So how can we use these spatial details to put our crimes on the map? We need to somehow specify a geometry for our data, which links each unit of analysis (whether that is the point, line, or polygon) to a relevant geographical representation, which allows us to put this thing on the map.

How you add geographical information will vary with the type of information we have, but in all of these, we will use the simple features framework.

What are simple features? sf package author Edzer Pebesma describes simple features as a standardized way of encoding spatial vector data (points, lines, polygons) in computers. The sf package is an R package for reading, writing, handling, and manipulating simple features in R, implementing the vector (points, lines, polygons) data handling functionality.

Traditionally spatial analysis in R were done using the sp package which creates a particular way of storing spatial objects in R. When most packages for spatial data analysis in R and for thematic cartography were first developed sp was the only way to work with spatial data in R. There are more than 450 packages rely on sp, making it an important part of the R ecosystem. More recently a new package, sf (which stands for “simple features”), is revolutionising the way that R does spatial analysis. This new package provides a new way of storing spatial objects in R and most recent R packages for spatial analysis and cartography are using it as the new default. It is easy to transform sf objects into sp objects, so that those packages that still don’t use this new format can be used. But in this course we will emphasise the use of sf whenever possible. You can read more about the history of spatial packages and the sf package in the first two chapters of this book.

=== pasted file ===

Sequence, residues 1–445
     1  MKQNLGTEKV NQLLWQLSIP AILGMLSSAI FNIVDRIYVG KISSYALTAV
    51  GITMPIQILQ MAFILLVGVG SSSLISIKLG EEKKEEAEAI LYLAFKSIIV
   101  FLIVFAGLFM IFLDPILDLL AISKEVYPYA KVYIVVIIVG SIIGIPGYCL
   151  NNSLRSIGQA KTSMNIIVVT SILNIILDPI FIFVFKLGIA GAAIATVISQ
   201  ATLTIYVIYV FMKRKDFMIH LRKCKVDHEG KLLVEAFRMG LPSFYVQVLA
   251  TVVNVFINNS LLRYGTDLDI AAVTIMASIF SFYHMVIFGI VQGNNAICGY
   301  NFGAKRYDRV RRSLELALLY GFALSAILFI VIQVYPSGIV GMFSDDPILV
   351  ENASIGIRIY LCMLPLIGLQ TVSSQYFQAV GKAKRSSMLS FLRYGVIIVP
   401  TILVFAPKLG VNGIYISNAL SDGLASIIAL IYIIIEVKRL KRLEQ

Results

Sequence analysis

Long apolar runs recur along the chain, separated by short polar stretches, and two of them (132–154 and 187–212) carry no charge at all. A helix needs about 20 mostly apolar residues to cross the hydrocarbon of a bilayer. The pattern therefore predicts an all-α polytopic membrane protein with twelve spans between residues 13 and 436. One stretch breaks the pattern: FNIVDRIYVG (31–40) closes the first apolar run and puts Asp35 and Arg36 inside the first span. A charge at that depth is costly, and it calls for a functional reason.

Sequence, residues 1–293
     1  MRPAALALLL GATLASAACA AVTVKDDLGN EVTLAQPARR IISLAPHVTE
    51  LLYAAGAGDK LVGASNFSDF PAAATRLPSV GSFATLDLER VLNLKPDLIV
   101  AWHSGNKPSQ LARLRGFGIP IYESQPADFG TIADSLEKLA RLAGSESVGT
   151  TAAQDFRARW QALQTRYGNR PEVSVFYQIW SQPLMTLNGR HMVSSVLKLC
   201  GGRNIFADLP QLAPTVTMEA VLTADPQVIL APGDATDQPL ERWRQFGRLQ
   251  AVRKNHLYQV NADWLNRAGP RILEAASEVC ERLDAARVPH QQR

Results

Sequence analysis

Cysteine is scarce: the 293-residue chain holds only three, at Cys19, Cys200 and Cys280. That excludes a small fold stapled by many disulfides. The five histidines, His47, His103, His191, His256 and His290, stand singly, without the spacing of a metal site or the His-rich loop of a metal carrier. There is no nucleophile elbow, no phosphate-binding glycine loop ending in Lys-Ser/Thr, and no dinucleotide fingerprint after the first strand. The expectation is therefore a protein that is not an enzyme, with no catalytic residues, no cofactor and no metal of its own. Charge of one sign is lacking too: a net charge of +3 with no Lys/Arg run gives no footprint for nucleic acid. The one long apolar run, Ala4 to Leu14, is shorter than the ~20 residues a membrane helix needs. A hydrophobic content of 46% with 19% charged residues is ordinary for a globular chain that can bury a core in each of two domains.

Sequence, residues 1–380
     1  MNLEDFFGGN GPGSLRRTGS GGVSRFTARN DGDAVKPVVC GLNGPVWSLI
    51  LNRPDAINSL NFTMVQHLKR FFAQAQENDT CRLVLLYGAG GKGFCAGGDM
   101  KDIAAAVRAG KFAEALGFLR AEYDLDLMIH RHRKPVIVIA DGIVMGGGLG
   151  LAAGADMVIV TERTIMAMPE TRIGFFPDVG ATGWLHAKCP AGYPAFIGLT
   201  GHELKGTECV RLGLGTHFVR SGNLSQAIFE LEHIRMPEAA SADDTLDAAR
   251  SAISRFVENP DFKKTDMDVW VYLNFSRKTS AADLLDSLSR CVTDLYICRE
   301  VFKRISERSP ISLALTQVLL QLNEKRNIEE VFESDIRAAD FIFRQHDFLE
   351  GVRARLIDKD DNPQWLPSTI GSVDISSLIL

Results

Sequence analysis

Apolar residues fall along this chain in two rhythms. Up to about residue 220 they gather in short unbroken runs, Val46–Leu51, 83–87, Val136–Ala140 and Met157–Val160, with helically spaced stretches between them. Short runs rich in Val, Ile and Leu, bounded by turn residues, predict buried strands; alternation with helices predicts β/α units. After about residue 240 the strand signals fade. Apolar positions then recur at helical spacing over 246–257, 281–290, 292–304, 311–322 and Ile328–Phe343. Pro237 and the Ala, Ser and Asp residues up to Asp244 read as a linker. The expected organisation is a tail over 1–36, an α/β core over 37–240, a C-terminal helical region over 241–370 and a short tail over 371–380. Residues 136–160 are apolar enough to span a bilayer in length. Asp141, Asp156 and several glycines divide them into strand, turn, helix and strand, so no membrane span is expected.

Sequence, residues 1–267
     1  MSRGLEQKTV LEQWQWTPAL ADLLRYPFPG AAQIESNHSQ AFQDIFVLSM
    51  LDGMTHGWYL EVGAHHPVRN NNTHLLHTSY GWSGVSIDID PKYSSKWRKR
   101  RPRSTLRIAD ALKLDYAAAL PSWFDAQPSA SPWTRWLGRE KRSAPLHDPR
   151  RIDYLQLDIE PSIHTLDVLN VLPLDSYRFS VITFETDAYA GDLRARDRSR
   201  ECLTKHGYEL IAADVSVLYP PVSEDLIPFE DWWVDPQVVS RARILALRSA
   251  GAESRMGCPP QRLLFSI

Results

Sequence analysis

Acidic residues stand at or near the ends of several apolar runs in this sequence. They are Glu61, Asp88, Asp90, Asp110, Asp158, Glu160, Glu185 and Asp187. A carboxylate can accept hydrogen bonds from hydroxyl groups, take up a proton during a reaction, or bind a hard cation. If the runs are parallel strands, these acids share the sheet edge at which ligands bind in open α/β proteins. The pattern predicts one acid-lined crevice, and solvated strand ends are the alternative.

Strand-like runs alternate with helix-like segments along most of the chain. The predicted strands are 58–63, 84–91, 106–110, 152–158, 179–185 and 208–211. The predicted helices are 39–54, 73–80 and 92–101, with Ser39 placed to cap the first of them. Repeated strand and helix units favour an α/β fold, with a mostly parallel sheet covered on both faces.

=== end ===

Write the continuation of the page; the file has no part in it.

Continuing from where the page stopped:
Features can be thought of as “things” or objects that have a spatial location or extent; they may be physical objects like a building, or social conventions like a political state. Feature geometry refers to the spatial properties (location or extent) of a feature, and can be described by a point, a point set, a linestring, a set of linestrings, a polygon, a set of polygons, or a combination of these. The simple adjective of simple features refers to the property that linestrings and polygons are built from points connected by straight line segments. Features typically also have other properties (temporal properties, color, name, measured quantity), which are called feature attributes.

For more detailed insight I recommend reading the paper Simple Features for R: Standardized Support for Spatial Vector Data

### 2.4.1 Mapping points with sf

Let’s get started with making some maps using sf. First, make sure you install the package, and then load with library() function.

On Mac and Linux a few requirements must be met to install sf. These are described in the package’s README at github.com/r-spatial/sf.

library(sf)
## Linking to GEOS 3.8.1, GDAL 3.1.4, PROJ 6.3.1

Now we can use the functions of sf in order to introduce geometries. Let’s start with the points

#### 2.4.1.1 Activity 3: Creating a sf object of points

WE know that we have two columns one for Longitude and one for Latitude, which pinpoint each crime event to a specific point, close to where it happened. Not quite where it happened, as the data are anonymised (more on this later), but for our purposes here, we can assume this is the location of the crime.

To map these points, we can transform our ordinary dataframe into a simple features object.

To do so, we can use the st_as_sf() function, into which we need to specify what we are to transform (our dataframe), where the spatial data can be found (our columns which hold the latitude and longidude information), and also what coordinate reference system the object has (see above our discussion about projections and coordinate reference systems).

Latitude longitude coordinates specify location on the WGS 84 CRS (remember I said to keep this one in mind!). We can tell R that this is our CRS of choice by including it’s [EPSG identifier] (https://en.wikipedia.org/wiki/EPSG_Geodetic_Parameter_Dataset) as a parameter in our function. It is handy to know the more common EPSG identifiers. For example, for WGS84 the EPSG identifier is 4326. For British National Grid, the identifier is 27700. We will be making use of these numbers, so do note them down somewhere.

Putting it all together in practice, we can create a simple features object from our dataframe using the latitude and longitude columns:

crimes_sf <- st_as_sf(crimes,                                     #dataframe